Background: Prior epidemiological studies suggest a possible association between maternal smoking during pregnancy and risk of childhood neuroblastoma. A meta-analysis was performed statistically surmising all available observational studies on this topic in order to evaluate the potential correlation of maternal smoking during pregnancy and risk of childhood neuroblastoma.
Methods: Published literature was obtained from PubMed, Embase, ISI Web of Science, and Cochrane library, and all studies were inclusive until July 2014. Data from epidemiological studies were combined using a general variance-based meta-analytic method employing 95% confidence intervals. The outcome of interest was shown as odds ratio (OR) reflecting the risk of neuroblastoma development associated with smoking while pregnant. Newcastle-Ottawa Scale was used to assess the quality of studies.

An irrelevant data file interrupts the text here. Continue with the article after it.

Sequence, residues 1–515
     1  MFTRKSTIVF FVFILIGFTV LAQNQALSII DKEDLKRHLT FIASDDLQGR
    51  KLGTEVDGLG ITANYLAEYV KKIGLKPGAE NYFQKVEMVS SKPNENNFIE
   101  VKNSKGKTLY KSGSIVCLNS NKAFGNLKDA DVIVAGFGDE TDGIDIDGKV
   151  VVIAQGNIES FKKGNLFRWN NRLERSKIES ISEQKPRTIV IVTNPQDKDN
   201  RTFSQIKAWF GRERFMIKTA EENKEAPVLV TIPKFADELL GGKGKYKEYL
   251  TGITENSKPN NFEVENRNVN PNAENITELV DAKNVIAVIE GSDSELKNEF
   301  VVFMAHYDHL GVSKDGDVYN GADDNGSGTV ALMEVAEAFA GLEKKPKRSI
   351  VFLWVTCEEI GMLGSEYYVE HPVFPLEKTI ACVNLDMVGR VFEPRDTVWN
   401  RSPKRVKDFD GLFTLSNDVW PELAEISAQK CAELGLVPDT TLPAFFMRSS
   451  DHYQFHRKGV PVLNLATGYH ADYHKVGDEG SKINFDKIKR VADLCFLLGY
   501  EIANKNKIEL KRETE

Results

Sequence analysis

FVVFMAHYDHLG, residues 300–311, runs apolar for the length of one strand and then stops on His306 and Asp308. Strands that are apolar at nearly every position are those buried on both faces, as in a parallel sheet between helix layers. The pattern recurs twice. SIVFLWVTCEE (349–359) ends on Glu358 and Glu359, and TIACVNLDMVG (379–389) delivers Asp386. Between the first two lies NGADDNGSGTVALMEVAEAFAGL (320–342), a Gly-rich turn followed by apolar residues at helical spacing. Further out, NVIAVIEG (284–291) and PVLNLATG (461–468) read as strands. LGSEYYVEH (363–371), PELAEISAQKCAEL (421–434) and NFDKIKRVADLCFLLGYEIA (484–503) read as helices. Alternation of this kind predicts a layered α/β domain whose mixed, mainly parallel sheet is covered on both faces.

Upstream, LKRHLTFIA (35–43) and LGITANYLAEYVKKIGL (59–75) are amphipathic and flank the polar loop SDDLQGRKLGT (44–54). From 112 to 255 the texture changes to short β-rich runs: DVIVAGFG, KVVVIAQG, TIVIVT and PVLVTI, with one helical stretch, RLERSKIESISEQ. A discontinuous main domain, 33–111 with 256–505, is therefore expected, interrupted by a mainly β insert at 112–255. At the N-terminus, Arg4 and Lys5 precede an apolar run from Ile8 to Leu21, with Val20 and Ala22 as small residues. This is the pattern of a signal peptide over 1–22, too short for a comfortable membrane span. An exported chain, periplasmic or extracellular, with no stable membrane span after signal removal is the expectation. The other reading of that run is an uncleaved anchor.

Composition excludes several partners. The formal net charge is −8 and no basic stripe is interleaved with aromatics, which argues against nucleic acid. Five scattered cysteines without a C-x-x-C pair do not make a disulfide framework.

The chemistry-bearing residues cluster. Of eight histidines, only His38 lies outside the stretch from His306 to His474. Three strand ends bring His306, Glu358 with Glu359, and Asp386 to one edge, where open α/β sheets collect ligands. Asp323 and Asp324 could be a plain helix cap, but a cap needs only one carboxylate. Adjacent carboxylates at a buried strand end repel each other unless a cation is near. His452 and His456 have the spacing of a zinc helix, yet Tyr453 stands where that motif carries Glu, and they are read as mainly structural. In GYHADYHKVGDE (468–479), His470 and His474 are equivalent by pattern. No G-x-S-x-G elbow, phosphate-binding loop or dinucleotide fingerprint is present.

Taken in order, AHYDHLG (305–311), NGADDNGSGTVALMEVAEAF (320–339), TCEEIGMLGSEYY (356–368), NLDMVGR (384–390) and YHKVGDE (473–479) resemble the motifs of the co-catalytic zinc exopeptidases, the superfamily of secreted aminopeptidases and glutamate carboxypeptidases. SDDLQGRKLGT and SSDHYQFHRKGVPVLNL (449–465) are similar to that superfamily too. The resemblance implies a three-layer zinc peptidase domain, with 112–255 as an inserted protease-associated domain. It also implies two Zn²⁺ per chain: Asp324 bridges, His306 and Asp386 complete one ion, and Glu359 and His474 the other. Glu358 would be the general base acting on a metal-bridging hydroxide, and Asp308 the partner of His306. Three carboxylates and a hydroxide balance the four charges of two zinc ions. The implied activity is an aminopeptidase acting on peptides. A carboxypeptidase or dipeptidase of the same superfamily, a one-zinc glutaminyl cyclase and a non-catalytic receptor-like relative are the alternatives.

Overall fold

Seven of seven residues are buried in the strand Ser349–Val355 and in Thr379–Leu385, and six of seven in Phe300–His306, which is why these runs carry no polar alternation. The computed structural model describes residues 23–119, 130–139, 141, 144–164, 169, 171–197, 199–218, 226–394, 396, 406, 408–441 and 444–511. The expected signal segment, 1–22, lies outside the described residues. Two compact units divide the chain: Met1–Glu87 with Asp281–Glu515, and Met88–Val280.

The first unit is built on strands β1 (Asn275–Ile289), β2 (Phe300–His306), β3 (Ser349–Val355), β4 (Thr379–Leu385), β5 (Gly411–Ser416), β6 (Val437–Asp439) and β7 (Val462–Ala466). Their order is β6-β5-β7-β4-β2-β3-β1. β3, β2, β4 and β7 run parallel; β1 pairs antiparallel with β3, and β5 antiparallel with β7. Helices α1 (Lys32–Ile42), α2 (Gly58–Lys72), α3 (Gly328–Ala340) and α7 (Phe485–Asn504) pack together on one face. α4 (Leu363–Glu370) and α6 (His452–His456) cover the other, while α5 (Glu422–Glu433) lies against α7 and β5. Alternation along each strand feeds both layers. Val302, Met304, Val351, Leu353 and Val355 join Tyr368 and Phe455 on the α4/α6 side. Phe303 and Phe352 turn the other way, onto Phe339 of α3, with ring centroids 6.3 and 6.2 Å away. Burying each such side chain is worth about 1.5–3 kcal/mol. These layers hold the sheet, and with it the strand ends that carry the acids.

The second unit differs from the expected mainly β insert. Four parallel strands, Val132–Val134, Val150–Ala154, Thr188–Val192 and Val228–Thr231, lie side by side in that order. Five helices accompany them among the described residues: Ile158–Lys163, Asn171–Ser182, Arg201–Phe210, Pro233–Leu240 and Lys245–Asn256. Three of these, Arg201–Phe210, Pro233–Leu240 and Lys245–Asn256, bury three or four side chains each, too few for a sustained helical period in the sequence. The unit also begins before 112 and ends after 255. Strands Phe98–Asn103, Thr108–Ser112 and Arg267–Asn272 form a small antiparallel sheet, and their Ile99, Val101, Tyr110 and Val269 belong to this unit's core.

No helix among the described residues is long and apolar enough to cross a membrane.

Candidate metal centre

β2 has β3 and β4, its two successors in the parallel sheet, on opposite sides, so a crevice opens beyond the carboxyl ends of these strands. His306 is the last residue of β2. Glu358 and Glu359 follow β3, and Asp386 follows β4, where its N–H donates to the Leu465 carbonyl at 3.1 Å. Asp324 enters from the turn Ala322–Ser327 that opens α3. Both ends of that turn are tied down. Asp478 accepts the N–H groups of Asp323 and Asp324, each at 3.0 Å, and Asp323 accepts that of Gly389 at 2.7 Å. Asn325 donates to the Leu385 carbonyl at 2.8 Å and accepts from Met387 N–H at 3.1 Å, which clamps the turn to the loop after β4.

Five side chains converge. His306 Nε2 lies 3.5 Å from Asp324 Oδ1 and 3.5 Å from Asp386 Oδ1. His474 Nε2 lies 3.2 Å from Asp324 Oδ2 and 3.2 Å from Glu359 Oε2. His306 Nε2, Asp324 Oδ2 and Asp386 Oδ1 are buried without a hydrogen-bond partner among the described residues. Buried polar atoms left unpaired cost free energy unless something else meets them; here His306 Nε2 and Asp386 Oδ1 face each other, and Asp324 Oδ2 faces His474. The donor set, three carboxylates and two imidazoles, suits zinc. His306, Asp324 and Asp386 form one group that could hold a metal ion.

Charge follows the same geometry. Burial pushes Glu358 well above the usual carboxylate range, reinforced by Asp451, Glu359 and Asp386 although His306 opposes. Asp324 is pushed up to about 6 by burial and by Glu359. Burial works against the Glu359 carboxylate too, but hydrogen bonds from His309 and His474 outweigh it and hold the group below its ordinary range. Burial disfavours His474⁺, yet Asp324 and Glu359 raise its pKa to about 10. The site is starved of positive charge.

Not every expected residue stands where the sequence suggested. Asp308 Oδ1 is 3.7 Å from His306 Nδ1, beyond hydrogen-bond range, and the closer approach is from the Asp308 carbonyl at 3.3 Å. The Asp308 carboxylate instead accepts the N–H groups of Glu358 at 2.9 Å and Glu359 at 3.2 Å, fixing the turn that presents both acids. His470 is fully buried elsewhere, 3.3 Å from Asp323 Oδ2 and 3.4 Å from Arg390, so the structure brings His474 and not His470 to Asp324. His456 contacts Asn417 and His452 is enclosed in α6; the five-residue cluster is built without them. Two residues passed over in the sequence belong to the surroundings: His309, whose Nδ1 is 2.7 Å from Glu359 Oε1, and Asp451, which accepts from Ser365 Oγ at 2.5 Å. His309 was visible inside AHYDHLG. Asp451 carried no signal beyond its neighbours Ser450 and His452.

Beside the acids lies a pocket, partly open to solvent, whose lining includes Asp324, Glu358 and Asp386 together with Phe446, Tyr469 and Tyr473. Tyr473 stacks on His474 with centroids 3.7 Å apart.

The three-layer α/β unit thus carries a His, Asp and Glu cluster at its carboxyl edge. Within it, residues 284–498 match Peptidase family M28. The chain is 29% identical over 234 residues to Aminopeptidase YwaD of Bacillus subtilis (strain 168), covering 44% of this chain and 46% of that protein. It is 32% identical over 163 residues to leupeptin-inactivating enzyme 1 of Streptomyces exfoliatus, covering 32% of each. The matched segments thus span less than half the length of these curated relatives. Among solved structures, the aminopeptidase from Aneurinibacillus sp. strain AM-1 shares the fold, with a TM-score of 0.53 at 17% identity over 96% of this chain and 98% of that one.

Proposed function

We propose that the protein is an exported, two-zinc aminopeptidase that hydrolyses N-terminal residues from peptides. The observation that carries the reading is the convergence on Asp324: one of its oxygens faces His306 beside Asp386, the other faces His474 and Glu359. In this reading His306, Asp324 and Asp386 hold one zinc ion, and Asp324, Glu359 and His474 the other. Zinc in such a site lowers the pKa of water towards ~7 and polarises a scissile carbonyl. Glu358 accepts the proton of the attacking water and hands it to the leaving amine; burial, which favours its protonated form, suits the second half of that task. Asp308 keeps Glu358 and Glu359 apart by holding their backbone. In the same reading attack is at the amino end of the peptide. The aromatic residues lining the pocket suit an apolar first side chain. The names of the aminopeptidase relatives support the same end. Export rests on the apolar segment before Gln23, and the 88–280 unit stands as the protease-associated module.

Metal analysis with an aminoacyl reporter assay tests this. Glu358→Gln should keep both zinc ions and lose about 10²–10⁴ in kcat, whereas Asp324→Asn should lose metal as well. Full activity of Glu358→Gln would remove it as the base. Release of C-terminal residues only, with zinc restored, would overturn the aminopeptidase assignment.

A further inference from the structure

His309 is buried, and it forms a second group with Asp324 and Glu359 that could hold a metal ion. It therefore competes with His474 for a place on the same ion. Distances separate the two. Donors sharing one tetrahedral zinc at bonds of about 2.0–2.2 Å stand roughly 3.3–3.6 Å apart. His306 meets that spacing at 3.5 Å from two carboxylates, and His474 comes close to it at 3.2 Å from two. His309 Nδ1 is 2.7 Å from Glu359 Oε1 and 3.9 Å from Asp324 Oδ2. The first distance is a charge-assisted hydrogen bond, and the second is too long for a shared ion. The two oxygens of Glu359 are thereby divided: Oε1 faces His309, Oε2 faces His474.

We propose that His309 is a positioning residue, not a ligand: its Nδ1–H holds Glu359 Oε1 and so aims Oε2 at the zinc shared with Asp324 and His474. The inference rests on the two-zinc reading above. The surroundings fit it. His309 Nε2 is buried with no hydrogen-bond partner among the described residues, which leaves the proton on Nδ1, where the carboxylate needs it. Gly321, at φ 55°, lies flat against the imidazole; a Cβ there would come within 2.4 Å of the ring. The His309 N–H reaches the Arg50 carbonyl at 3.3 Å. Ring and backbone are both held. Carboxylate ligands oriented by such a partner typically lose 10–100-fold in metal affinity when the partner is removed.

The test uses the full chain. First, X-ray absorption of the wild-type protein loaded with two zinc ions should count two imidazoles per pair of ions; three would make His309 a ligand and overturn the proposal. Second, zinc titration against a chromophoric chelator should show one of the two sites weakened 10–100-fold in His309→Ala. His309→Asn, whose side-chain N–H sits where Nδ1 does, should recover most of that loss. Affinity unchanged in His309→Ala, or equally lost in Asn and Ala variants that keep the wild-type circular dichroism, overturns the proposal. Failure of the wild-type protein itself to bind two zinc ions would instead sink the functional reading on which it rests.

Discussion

Results: Seven case-control studies meeting protocol specified inclusion criteria were obtained through a comprehensive literature search. These studies enrolled a total of 1909 patients and 15,683 controls. Analysis for homogeneity demonstrated that the data were heterogeneous (P < 0.05) and could be statistically combined with randomized effect model. Combining all seven reports yielded an OR of 1.28 (1.01-1.62), a statistically significant result suggesting possible association between maternal smoking during pregnancy and risk of childhood neuroblastoma development (P = 0.005). There was no association between the dosage of maternal smoking during pregnancy and risk of neuroblastoma.
Conclusion: The available epidemiological data support a possible association between maternal smoking during pregnancy and pediatric neuroblastoma development.